When I was just sixteen years old I had the chance to witness one of the greatest buzzer beaters anyone has ever seen. I was just a sophomore at New Rochelle High School and our team that year had made it all the way to the state championship that year. Even before that can happen though something would have to happen right?
Exactly so, on March 3rd almost to this exact date. Our school was playing Mount Vernon In the section championship.For many years they have been great at flat out winning. This school has produced players like Ben Gordon and Isiah Cousins. Along with that taking home 11 PHSAA titles which is a record for any school in New York state. They were also our rivals which made March 3rd so much sweeter in seeing them lose that day. That win would of never happened if it wasn’t two people that day. One being a young man at the time named Khalil Edney a senior that year. Most people around my home town know of him as “Mr.2.9”. Most people call him that because of you guessed it there was 2.9 seconds left when this whole play went down.It was New Rochelle Ball with the score being Mount Vernon up 60 New Rochelle’s 58. Leading up the 2.9 New Rochelle just stunned their way back with a 9-1 run within a 3:50. Which then leads me to the other young man named Joe Clarke also a senior takes a huge charge to even give us a chance of having that ball with those 2.9 seconds left. Seconds later the refs then hands the ball to Edney as he takes it out he decided to go for the homerun pass down the court, which is then picked off right away by the Mount Vernon small forward. Proceeding him intercepting the pass he then has the idea of just throwing the ball up in the air thinking time may just run out they thinking they won no doubt about it.
To then out of no where you see Edney snatch the ball throw up a shot a shot that looks has no business of even coming close to go in. It all honesity in a blink of an eye the ball swished right trough the hoop somehow..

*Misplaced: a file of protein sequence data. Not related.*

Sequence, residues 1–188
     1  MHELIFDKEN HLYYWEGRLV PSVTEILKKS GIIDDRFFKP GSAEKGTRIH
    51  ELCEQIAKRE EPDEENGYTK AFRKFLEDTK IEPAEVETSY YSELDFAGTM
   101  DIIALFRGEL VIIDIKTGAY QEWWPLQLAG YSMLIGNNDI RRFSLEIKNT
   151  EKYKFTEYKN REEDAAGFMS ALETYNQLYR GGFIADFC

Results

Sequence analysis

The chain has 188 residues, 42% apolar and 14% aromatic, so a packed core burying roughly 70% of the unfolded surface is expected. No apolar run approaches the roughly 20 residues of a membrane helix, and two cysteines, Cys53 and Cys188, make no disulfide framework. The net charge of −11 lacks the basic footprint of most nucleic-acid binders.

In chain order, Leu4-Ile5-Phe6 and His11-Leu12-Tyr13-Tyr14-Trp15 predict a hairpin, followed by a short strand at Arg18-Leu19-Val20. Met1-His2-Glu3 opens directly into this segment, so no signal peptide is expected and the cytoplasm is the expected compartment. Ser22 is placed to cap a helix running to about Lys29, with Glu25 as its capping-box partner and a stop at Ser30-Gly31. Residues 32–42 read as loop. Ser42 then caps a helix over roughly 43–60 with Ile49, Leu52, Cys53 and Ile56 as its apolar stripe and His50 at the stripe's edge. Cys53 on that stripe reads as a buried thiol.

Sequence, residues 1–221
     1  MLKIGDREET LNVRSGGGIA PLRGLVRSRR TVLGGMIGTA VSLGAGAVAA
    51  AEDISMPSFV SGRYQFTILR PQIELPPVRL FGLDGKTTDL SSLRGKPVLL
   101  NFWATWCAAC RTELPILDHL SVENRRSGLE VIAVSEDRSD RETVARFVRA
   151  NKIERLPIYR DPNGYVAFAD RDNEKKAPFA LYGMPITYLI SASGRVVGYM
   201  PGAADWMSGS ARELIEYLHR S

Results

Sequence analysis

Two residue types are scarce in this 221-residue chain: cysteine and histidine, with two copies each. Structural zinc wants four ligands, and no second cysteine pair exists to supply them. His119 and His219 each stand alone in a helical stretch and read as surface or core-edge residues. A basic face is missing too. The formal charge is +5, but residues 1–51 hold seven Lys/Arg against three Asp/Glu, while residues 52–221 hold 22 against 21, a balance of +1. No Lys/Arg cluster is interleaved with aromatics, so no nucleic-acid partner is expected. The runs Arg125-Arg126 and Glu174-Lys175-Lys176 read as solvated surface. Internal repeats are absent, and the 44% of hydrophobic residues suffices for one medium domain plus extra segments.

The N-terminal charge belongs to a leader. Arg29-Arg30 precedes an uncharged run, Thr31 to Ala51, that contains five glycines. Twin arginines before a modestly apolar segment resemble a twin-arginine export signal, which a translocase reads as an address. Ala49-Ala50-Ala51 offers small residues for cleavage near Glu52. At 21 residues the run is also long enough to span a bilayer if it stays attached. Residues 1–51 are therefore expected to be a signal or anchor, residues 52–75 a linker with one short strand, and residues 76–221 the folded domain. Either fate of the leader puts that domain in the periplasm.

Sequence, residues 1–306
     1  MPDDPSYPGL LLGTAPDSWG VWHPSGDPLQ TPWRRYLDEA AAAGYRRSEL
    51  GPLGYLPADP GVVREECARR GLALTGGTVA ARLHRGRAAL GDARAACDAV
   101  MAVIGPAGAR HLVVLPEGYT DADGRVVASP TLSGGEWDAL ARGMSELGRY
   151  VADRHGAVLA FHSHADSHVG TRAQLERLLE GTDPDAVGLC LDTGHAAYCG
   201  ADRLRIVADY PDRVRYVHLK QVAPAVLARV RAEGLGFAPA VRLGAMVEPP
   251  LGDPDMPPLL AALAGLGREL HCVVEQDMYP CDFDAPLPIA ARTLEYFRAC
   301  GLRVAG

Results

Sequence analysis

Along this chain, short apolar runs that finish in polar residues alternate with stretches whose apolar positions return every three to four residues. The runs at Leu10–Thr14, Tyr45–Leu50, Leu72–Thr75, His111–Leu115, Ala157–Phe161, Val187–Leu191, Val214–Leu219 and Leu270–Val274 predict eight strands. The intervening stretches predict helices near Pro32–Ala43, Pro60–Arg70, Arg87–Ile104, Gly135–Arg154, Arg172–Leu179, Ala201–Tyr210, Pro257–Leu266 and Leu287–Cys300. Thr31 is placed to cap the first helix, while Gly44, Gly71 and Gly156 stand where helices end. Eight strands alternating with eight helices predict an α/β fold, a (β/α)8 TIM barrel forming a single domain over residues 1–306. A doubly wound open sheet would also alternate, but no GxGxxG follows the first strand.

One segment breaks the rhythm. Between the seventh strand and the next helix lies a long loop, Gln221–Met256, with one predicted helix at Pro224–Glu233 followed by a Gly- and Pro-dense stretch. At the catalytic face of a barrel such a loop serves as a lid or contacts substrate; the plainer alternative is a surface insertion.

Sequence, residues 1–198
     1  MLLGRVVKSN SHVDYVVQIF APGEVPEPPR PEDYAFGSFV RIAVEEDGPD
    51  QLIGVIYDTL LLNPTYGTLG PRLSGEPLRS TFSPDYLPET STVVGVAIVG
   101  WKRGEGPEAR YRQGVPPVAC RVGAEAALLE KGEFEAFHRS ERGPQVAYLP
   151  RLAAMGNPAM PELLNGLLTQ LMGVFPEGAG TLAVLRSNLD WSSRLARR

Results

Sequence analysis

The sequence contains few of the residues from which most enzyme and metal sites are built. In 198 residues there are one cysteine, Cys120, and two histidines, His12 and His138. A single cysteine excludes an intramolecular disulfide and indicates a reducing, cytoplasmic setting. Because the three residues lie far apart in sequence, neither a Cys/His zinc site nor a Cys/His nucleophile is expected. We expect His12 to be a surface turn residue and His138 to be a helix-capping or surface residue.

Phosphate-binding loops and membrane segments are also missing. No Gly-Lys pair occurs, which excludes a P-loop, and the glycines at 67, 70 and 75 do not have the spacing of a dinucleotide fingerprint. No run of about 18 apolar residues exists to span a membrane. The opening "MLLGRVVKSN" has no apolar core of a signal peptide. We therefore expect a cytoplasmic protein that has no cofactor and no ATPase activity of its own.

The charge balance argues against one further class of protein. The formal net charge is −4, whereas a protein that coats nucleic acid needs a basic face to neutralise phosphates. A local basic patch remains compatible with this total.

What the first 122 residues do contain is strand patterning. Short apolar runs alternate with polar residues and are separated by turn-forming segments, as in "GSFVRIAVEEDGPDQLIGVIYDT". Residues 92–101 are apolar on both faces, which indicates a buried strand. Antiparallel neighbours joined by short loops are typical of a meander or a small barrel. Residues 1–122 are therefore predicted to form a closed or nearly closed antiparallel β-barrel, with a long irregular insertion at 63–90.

I sat there in awe as me and friends screaming running around in pure joy thinking
I’ve never seen anything like this as we watched people storm the court thinking we just did that. To some how almost ripping our hearts out
as the refs are actually waving it off at first. You actually see Mount Vernon players doing backflips and celebrating just as we were. Everyone is experiencing mass confusion wondering what are they going to call and who is going to win the game. The scary part is that in High School basketball you don’t have the chance of going to the monitor to tell if the shots its really good or not. So they then huddled up for about 10 seconds or so to then all agreeing on its good. He waves his hands and sprints for locker room as fast as he can. for his life out. Once we saw we flipped we thought right then and there this shot was going to be everywhere.
Which it was he mad appearance on Good Morning America, ESPN’s Sportcenter being the top play that next day as well.
Which then lead him to then going to the ESPY’s and loosing to the infamous Jadeveon Clowney hit on the Michigan running back. Even though all of that he went from High School football and basketball star to over night celebrity. Meeting famous athletes like Lebron James NBA superstar and Vince Young and many more just because this amazing shot. To even getting featured in an New York Times Article, Bleacher Report Article on the Espy’s, and a local page called Lohud Article as well.
— lohud sports (@lohudsports) March 1, 2018
It was beyond cool to be only 16 and pretty much see a celebrity walking around your high school, along with a full week of cameras and tv crews wanting to film the school.
It made everyone want to brag about where we came from and what our school had because other then Ray Rice its all people ever talk about still to this day. Even LoHud had to do a five year anniversary of the shot too where you find him trying to recreate the shot one more time and it taking him 76 try’s to actually hit it again. To say the least it shows that this shot was more then one in a million, and me and all of New Rochelle couldn’t of been any luckier that year.